Filed under bee die-off

Tuesday, June 13, 2017

DDT Resistant Fruit Flies Show Reproductive Difficulties

The study raises possible concerns about the effect of pesticide exposure to non-target (not the focus of pesticide use) insects that are integral to a healthy ecology and food web

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DDT Resistant Fruit Flies Show Reproductive Difficulties

(Beyond Pesticides, June 7, 2017) Fruit flies that developed a genetic resistance to the insecticide DDT have lower success at mating than those without similar changes, according to a study published last month in the journal Behavior Genetics. The results were surprising to researchers, given that the resistance developed through changes to a single allele (a variation of a single gene). “It is amazing that even if all the genes are exactly the same, having this one gene expressed at a higher level has all these effects,” said Professor Nina Wedell, PhD, of the Centre for Ecology and Conservation on Exeter’s Penryn Campus in Cornwall, UK to Phys.org. The study raises possible concerns about the effect of pesticide exposure to non-target (not the focus of pesticide use) insects that are integral to a healthy ecology and food web...However, it should be noted that the documented effects in this study are only seen in the absence of insecticide exposure.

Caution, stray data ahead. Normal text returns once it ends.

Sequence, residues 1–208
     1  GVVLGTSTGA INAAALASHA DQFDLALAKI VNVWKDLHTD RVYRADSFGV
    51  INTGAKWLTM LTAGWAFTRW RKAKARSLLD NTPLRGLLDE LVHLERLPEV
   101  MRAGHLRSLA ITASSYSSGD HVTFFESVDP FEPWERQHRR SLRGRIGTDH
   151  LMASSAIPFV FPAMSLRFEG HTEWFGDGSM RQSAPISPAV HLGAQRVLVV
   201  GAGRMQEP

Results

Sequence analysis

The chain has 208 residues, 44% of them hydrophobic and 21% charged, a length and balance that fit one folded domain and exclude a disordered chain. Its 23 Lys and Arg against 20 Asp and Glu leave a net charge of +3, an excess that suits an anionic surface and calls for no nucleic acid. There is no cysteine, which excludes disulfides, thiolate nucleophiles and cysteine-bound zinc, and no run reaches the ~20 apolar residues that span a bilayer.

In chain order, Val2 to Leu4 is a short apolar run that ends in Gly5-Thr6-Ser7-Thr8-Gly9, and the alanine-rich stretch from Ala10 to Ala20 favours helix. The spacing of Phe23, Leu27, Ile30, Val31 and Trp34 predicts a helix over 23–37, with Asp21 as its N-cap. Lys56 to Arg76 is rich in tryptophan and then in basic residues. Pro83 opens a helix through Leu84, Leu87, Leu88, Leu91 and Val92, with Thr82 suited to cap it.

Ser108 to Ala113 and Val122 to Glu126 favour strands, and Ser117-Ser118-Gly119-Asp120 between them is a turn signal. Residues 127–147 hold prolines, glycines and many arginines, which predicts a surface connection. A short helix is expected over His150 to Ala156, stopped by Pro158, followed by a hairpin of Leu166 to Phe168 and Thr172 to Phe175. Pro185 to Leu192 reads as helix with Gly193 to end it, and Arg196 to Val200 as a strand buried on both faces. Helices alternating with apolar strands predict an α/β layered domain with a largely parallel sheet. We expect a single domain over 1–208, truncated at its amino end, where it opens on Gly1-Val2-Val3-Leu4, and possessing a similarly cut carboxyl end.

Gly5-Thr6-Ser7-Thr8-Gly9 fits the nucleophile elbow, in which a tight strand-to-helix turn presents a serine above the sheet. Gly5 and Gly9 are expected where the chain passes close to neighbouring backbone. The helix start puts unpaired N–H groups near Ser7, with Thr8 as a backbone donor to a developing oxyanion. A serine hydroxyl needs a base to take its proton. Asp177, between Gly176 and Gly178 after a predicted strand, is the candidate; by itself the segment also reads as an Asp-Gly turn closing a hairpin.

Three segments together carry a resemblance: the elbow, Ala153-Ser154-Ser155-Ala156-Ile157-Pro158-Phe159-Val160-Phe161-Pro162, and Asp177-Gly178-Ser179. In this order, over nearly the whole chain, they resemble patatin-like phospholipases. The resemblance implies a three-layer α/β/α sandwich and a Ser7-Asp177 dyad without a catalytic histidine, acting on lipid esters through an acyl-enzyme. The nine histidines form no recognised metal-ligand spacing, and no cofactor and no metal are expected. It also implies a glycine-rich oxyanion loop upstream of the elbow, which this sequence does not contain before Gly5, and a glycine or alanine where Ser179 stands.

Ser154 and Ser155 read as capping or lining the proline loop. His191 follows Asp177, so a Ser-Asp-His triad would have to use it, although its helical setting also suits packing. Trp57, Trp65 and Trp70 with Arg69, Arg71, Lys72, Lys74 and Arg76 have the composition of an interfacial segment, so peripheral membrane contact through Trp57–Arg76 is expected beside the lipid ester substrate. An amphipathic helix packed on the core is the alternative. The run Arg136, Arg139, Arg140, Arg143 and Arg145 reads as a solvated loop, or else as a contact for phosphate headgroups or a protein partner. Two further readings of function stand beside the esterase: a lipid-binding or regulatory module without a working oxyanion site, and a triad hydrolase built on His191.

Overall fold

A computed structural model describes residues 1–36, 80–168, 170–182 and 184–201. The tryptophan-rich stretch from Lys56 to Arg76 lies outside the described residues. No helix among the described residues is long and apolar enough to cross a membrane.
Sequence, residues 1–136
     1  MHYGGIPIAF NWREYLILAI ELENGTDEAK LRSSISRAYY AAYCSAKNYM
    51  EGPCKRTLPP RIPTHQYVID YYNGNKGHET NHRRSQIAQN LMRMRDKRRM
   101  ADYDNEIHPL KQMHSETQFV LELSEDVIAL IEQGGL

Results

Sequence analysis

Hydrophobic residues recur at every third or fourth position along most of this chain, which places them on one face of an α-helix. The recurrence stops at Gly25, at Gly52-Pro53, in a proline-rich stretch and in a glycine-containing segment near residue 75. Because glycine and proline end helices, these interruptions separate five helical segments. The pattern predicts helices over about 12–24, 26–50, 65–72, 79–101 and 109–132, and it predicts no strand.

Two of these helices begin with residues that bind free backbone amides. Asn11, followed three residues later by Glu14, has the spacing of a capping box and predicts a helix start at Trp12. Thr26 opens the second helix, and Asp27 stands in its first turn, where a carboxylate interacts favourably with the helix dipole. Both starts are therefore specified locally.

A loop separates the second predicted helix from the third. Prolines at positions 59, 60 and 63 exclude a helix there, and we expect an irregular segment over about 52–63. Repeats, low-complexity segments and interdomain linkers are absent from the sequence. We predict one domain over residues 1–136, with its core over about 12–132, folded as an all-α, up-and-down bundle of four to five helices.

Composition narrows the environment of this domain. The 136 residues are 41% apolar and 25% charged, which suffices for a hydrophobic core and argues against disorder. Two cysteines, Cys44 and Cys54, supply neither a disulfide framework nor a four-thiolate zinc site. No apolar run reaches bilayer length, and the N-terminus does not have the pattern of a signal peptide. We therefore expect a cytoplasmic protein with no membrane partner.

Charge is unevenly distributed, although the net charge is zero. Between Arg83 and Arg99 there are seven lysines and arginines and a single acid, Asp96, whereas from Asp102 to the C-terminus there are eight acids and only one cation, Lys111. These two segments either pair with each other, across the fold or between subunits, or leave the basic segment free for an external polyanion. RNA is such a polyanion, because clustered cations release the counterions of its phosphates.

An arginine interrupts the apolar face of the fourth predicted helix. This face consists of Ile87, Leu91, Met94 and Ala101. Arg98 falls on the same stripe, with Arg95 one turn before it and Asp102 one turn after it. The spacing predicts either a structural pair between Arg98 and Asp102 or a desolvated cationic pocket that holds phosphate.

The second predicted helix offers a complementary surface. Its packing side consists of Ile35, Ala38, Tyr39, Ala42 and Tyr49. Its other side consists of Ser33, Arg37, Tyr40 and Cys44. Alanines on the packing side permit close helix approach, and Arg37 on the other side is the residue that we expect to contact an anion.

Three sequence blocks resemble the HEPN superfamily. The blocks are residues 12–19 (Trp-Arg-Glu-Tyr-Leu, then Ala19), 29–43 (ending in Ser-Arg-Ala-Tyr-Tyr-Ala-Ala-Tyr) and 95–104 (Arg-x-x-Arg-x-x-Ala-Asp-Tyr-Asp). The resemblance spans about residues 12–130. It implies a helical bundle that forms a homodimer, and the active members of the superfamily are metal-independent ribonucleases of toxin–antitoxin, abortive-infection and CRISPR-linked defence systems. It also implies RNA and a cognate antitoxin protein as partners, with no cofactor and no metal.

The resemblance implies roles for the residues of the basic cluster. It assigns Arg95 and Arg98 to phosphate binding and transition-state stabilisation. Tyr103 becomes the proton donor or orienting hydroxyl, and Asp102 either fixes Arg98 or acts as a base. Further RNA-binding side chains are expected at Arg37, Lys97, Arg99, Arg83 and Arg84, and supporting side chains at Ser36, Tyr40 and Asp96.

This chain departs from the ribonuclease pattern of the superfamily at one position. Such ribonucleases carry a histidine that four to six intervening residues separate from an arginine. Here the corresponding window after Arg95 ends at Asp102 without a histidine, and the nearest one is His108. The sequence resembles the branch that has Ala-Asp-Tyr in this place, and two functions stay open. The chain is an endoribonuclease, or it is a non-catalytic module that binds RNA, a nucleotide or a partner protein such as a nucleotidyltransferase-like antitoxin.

SNAP Comment: These types of effects are not mandated studies prior to pesticide registration. I also think the study raises possible concerns about genetic engineering (GE). If the change in one naturally occurring allele can cause problems, what can the insertion of a new gene do?...

filed under Reproductive Health, wildlife/insects and gmos/Safety/Health Effects

Tuesday, June 13, 2017

Common Mosquito Control Insecticides Decrease Motor Function in Infants

The most striking effects were seen with the chemicals chlorpyrifos and naled at the 9 month old testing.

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Common Mosquito Control Insecticides Decrease Motor Function in Infants

(Beyond Pesticides, June 13, 2017) Prenatal exposure to commonly used mosquito and agricultural insecticides is associated with decreased motor function in infants, according to a study published in Environment International by a team of Chinese and U.S. researchers.